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Flash Review 2, 8-18: Upstairs, Downtown
At the Royal Opera House, 10,000 Steps to the Attic, Every One of Them Worth it

By Josephine Leask
Copyright 2004 Josephine Leask

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LONDON -- This last program that I attended of Snagged and Clored, a platform for cutting edge contemporary British artists at the Royal Opera House and a mini-season which has been refreshingly unpredictable, offered another surprise in the form of 10,000 Steps. A duo of musician Steve Blake and dancer Maho Ihara, 10,000 Steps creates an alluring little sketch about a couple's nocturnal habits and obsessive nightmares. On stage at the August 5 performance, there is a cosy domestic installation of an arm chair, plant, rug, toy dog, a couple of banjos and a film screen. The first thing we hear is a voice-over of Blake talking about his wasp-plagued nightmares and how he has to wake up and watch TV to get over them. He also describes how his partner Ihara dances in her sleep. The piece is called "Mimizu," which we are told is Japanese for worm, and is based on a nightmare Ihara has had about a big pink worm chasing her. She recounts the limited but comical details of the dream in repetitive detail. It's silly stuff, but then nightmares often are.

The action begins when Blake blunders on stage in his pyjamas and seems surprised to see the audience. After talking about his wasp-plagued nightmares, he pads over to the living room set, draws an imaginary TV on the blank white screen and sits down to watch a variety of film footage, ranging from close-up interviews of Ihara discussing her nightmares to other nocturnal events. Ihara then dances on stage supposedly in her sleep while Blake watches the TV. Her sequences are sharp and quirky and, as explained in a program note, she takes a total of 10,000 steps during the whole performance.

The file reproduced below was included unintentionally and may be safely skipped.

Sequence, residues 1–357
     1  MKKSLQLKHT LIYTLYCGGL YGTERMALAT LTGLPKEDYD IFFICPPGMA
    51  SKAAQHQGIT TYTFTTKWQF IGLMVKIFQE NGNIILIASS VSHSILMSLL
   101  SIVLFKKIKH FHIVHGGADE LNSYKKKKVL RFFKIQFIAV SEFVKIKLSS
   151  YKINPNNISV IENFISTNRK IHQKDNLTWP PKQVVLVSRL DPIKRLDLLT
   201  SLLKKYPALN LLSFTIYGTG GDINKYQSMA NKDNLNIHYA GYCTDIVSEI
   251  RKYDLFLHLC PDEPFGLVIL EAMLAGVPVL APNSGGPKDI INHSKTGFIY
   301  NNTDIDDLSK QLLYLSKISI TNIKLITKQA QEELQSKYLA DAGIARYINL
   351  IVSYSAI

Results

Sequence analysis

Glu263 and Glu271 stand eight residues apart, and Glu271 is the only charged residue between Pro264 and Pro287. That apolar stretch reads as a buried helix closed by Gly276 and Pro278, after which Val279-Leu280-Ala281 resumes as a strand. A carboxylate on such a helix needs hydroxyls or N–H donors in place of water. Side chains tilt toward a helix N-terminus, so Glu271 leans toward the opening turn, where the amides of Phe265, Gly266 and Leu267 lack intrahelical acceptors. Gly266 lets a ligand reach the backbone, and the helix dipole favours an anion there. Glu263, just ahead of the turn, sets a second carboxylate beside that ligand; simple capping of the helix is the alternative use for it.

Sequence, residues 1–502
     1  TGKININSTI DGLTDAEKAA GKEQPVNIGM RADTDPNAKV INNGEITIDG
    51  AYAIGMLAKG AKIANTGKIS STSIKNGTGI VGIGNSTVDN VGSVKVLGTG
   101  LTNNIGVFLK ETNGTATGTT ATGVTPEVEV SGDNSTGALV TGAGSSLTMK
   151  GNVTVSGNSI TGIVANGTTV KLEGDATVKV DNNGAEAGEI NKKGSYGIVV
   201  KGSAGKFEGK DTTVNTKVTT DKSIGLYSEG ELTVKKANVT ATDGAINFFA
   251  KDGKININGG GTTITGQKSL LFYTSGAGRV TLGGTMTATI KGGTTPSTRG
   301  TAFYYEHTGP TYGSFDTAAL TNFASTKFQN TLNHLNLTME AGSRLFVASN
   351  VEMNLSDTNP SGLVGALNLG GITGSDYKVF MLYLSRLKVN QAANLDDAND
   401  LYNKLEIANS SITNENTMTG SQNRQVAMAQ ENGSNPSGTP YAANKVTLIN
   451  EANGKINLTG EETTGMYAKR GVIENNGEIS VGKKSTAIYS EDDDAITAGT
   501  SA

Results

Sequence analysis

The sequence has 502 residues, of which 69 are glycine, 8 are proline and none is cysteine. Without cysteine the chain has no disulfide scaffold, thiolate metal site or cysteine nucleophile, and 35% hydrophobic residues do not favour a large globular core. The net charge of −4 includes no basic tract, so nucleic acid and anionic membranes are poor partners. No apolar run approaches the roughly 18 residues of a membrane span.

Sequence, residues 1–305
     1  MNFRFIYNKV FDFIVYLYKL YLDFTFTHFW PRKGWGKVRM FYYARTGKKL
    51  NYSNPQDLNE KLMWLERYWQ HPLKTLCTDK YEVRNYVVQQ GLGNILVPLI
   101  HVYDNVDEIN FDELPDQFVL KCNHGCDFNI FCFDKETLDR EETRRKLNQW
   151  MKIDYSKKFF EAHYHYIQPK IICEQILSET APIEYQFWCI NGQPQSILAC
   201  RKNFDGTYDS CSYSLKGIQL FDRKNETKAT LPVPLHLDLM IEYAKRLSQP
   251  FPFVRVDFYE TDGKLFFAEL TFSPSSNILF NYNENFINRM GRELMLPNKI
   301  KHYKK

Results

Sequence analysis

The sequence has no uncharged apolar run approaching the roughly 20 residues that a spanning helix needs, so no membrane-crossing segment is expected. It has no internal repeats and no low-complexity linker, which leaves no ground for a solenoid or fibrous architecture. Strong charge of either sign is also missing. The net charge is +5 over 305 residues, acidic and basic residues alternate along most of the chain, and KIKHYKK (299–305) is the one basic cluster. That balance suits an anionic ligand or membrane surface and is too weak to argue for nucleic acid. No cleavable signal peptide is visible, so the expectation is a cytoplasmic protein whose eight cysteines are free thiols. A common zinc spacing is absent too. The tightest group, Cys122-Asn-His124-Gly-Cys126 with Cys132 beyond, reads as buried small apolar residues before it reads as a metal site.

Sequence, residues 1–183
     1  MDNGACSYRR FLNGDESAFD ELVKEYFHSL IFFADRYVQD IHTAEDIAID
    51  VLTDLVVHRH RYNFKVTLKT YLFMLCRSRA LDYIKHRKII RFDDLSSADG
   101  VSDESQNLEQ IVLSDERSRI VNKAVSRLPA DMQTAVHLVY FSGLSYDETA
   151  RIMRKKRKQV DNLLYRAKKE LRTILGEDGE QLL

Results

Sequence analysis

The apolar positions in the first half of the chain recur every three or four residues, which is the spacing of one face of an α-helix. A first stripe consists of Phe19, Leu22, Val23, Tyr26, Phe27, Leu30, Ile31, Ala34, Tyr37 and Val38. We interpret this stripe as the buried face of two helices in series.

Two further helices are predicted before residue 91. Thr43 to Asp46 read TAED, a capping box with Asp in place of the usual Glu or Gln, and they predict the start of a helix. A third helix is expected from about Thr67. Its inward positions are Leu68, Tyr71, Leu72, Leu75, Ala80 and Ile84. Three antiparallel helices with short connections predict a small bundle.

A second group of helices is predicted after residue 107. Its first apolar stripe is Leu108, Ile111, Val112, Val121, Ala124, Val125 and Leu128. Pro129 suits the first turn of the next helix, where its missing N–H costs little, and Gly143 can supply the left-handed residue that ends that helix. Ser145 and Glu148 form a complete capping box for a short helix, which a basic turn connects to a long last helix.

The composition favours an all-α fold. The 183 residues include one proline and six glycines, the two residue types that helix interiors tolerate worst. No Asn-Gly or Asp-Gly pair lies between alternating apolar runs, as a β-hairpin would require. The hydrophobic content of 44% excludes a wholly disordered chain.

With its understated performance style, the overall effect of "Mimizu" is droll and Blake and Ihara as performers are clever at communicating their petty personal paranoia in a riveting manner. There are some endearing moments, such as when Blake hangs a banjo around the supposedly comatose Ihara and gets her to strum repeatedly in accompaniment while he plays a merry toe-tapping melody on his banjo. Both performers are effortlessly skillful at what they do, and are also so at home on stage. "Mimizu" is an example of dance theater in which the dance and music just blend in fluidly with the other elements of the performance.

"Spirit Level," choreographed by Sarah Warsop of Snag, is a dance piece for three performers who each perform a solo to a complex sound score of treated Bach, arranged by Charles Kriel, which includes voice-over and fractured sound layered on top of the original score. Each solo seems to be based on a different emotion -- anger, sadness, fear -- and the dancers are convincing in their motivation and portrayal of these sentiments. However, while "Spirit Level" is a good contrast to "Mimizu," this act is very much the backup to the main stars of the evening.

While there have been variations in the quality of the work shown during the Snagged and Clored season -- as in most platforms -- that it has served the purpose of being a laboratory for the Royal Opera House has been an interesting idea and hopefully will lead to more creativity, collaboration and experimentation in the future. The only thing that niggles me though is the festival's marketing; most of the people who attend ballets on the main stage downstairs are oblivious to what goes on upstairs and I wonder whether contemporary dance is destined to being confined to the attic upstairs, like the nutty professor of dance. It's great for contemporary artists to perform in the heart of the dance establishment but not without its complications.

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